DVD - Image A Sound A Extras A+
BLU-RAY Image B+ Sound A+ Extras A+
starring Vivien Leigh, Marlon Brando, Kim Hunter, Karl Malden
screenplay by Tennessee Williams, based on his play
directed by Elia Kazan
by Walter Chaw Marlon Brando is liquid sex in A Streetcar Named Desire, molten and mercurial. He's said that he modeled his Stanley Kowalski after a gorilla, and the manner in which Stanley eats, wrist bent at an almost fey angle, picking at fruit and leftovers in the sweltering heat of Elia Kazan's flophouse New Orleans, you can really see the primate in him. (Imagine a gorilla smelling a flower.) Brando's Stanley is cunning, too: he sees through the careful artifice of his sister-in-law Blanche (Vivien Leigh, Old Hollywood), and every second he's on screen, everything else wilts in the face of him. It's said that Tennessee Williams used to buy front-row seats to his plays and then laugh like a loon at his rural atrocities; he's something like the Shakespeare of sexual politics, the poet laureate of repression, and in his eyes, he's only ever written comedies. In Kazan's and Brando's too, I'd hazard, as A Streetcar Named Desire elicits volumes of delighted laughter. The way that Stanley's "acquaintances" are lined up in his mind to appraise the contents of Blanche's suitcase. The way he invokes "Napoleonic Law" with beady-eyed fervour. And the way, finally, that he's right about Blanche and all her hysterical machinations. The moment Stanley introduces himself to Blanche is of the shivers-causing variety (like the moment John Ford zooms up to John Wayne in Stagecoach), but my favourite parts of the film--aside from his torn-shirt "STELLA!"--are when Stanley screeches like a cat, and when he threatens violence on the jabbering Blanche by screaming, "Hey, why don't you cut the re-bop!"
It's not funny in a camp-appreciation way, though, unlike, arguably, wide swaths of the Williams adaptations produced in the 1950s--no, A Streetcar Named Desire is funny because it's so exceptional that the watching of it is overwhelming and laughter seems the only appropriate release valve. Witness career-best performances from some of the best actors in the history of the stage and screen, including Karl Malden as awkward paramour Mitch, ashamed of his perspiration, and Kim Hunter as Stanley's wife, Stella, approaching something like sexual zombefication just thinking of her man's propensity to smash things up. The most famous moment of the film was censored upon its initial release and restored for the version with which most of us are by now familiar: we get to see the look of blank lust on Stella's face as she answers her lover's call, slinky and ready for fucking.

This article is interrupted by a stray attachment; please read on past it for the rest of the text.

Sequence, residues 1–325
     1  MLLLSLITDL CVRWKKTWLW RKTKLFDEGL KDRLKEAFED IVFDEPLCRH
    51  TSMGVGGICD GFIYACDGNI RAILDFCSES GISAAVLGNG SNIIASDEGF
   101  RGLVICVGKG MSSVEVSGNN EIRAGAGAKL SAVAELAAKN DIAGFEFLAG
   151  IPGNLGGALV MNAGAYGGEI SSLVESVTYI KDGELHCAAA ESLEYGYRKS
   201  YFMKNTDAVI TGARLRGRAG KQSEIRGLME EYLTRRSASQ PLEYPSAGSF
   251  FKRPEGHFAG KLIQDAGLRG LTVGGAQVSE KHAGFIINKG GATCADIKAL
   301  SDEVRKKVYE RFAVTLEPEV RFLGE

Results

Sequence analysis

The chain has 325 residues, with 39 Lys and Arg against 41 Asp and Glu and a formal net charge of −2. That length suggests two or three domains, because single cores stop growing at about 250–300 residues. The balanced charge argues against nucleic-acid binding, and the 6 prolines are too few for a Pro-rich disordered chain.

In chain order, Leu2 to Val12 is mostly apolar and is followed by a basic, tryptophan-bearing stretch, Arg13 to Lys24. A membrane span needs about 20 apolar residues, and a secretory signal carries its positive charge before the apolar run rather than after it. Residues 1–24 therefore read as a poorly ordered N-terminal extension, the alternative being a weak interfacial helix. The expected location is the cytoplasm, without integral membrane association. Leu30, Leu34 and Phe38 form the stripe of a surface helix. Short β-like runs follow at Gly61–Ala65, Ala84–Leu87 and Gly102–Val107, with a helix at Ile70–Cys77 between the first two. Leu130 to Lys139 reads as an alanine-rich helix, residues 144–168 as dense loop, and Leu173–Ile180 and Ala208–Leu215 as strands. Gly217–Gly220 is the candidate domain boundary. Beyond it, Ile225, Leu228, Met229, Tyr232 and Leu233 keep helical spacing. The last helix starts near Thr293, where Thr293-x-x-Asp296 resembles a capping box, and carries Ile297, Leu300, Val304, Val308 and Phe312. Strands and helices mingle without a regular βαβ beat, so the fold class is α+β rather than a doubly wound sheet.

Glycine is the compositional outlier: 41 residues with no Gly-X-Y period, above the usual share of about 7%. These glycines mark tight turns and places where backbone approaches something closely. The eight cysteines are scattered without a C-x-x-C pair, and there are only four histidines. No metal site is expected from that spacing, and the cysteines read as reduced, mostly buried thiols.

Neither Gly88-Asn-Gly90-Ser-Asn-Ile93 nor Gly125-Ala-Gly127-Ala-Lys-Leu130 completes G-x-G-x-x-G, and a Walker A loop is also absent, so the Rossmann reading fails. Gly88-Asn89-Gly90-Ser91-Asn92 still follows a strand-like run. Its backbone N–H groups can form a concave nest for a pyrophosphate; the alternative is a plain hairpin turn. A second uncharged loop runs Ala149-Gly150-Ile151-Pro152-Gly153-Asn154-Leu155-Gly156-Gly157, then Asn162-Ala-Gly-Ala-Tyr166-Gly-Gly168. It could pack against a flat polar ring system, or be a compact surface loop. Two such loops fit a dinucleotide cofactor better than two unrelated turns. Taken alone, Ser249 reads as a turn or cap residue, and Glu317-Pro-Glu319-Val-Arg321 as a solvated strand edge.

But then there's Leigh as a representative of the studio system about to be supplanted, once and for all, by the kind of performance philosophy excited by Kazan, Brando, and Stanislavski by way of Stella Adler. She's out of place here; although she had played Blanche in her husband Laurence Olivier's London production, she was the only actor not ported over from Kazan's Broadway run. (Kazan was forbidden from casting his original Blanche, Jessica Tandy.) It's said that Kazan used her alienation to inform her performance, yet Leigh is more than a fish out of water here: she's a relic of a different sensibility altogether. The starkness of the ideological divide is painted in harsh tones. Humphrey Bogart's victory for The African Queen that year over Brando (and co-Method brat Montgomery Clift, nominated for A Place in the Sun) is Old Hollywood's last hurrah. (In retrospect, it's not understandable in any other way.) When Brando rapes Blanche, a mirror cracks--this vile imposition of his virility made metaphorical in a way that his earlier incident of spousal abuse is not (just like Archie's diddling of his virgin bride just off-screen in Baby Doll--it's a stage director's trick). I wonder if we can't extend the metaphor to encompass the rough treatment given the passing of an age that wouldn't completely die out until the dawn of the next decade and its films.